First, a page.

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During your own tape study leading up the draft, there are three routes you should focus on at the WR position: the 7 (corner), Dig (square-in) and slant. Base concepts that every rookie wide out must convert if they want to get on the field in the NFL. Today, let’s go to the chalkboard, discuss some coaching points and breakdown why these three routes are key at the pro level.
1. 7 (corner) route: Jet personnel (4 WR, 1 RB)
– Drawn up in the Flat-7 combination using a 2×2 “Orange” (spread) alignment.
– With a pre-snap slit outside of the numbers (X,Z), the No.1 WR will take a hard inside release (need to create room for the 7 cut). A vertical stem with the break coming between 12-15 yards (break point for every route outside of the 3-step game).
– WRs also have to convert this route from an inside alignment (No.2) or from a bunch/stack.
– Think of Cover 2. The No.1 route to beat the 2-deep look is the 7 cut. Force the CB to sit (or squat) on the Flat (or Smash) and create a one-on-one matchup at the top of the stem vs. the deep half safety. Plus, once you sell the route on tape, the double-move comes into play (corner-post).
2. Dig (square-in): Posse personnel (3 WR,1 TE, 1 RB)
– Drawn up in the Dagger combination (9-Dig) out of a 2×2 “Doubles” alignment. However, you will see the route run in multiple combinations (think “Pin” route vs. Cover 1 or Cover 4).
– The break of this route is around 15-yards (Mike Martz would increase it to 17-yards). Straight vertical stem (can take an inside release to set up the cut) and then break back to the middle of the field.
– A top route concept vs. Cover 2 (find the hole over the Sam/Nickel and in front of the safety) and vs. any man/zone coverage with the CB playing outside leverage (Cover 1, Cover 3, Cover 4).– Need a clean cut back to the middle of the field. To convert the Dig, the WR must create enough separation on his initial break at the top of the stem to take advantage of a CB playing with outside leverage.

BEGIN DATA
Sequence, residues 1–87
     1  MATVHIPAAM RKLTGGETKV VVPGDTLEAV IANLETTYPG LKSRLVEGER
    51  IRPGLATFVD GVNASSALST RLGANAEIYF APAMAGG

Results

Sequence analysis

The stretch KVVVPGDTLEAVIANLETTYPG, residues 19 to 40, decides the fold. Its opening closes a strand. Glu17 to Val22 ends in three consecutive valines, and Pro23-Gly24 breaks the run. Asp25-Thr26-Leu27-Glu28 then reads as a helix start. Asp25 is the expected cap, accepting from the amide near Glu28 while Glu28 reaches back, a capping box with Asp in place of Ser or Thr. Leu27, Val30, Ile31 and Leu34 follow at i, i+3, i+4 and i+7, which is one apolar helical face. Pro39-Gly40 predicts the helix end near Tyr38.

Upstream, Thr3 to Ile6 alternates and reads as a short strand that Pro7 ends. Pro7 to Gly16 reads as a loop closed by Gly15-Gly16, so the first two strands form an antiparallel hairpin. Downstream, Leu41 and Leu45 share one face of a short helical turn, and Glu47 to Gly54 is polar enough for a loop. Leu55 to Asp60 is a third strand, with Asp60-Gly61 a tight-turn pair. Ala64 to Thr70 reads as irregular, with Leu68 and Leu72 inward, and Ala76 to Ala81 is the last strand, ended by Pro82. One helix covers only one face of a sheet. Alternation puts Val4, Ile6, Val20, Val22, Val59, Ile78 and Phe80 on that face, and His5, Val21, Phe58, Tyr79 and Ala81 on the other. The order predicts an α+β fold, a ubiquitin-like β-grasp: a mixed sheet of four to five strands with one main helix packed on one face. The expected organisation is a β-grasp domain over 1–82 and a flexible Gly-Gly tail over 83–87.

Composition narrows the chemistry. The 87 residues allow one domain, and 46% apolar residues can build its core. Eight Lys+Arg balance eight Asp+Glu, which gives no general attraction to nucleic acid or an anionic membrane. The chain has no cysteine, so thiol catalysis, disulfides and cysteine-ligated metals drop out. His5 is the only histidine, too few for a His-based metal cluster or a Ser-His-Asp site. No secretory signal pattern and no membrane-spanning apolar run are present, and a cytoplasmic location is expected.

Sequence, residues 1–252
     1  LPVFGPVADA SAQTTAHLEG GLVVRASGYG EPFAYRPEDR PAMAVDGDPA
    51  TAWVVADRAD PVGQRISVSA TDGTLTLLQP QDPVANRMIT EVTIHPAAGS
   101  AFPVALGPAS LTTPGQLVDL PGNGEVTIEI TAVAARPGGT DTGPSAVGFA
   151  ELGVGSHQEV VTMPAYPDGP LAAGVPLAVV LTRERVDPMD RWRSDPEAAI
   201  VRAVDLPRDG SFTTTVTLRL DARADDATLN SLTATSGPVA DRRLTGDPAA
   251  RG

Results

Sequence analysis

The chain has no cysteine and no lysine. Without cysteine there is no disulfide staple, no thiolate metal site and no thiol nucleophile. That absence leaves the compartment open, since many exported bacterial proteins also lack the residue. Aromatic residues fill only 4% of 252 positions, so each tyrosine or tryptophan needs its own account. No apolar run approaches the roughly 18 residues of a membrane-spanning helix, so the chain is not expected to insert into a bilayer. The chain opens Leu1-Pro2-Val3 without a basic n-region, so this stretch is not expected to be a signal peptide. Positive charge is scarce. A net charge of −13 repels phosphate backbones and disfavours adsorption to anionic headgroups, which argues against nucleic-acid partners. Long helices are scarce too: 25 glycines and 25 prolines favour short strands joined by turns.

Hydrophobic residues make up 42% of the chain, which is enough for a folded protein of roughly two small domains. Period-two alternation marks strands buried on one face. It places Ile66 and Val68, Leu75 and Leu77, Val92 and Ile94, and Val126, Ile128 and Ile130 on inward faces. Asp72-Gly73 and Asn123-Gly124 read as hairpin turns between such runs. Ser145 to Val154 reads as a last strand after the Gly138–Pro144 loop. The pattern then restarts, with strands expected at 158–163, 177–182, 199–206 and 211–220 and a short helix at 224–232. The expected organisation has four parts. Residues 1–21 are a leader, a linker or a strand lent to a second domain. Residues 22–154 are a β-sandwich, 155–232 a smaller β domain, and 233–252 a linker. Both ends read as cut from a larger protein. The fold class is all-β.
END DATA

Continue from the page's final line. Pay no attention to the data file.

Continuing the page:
3. Slant: Regular personnel (2 WR,1 TE, 2 RB)
– Drawn up in base Regular personnel with a Pro alignment (split backs).
– Can be run with the 3-step drop or thrown “hot” vs. pressure (converts to a one-step release).
– Think 3rd downs and inside of the 5-yard line. Two game situations where the slant route becomes a top concept. This isn’t complex football here, but the execution is key. Win at the line (get off of press-coverage), create leverage and finish the play. Another reason why NFL clubs are looking for size/speed prospects outside of the numbers.
– Yes, this is a route we see on Friday nights in high school ball. However, if you can’t run the slant at the pro level (and win at the line), you won’t play. And with the amount of pressure NFL offenses see on Sundays, this is a crucial concept to every playbook.
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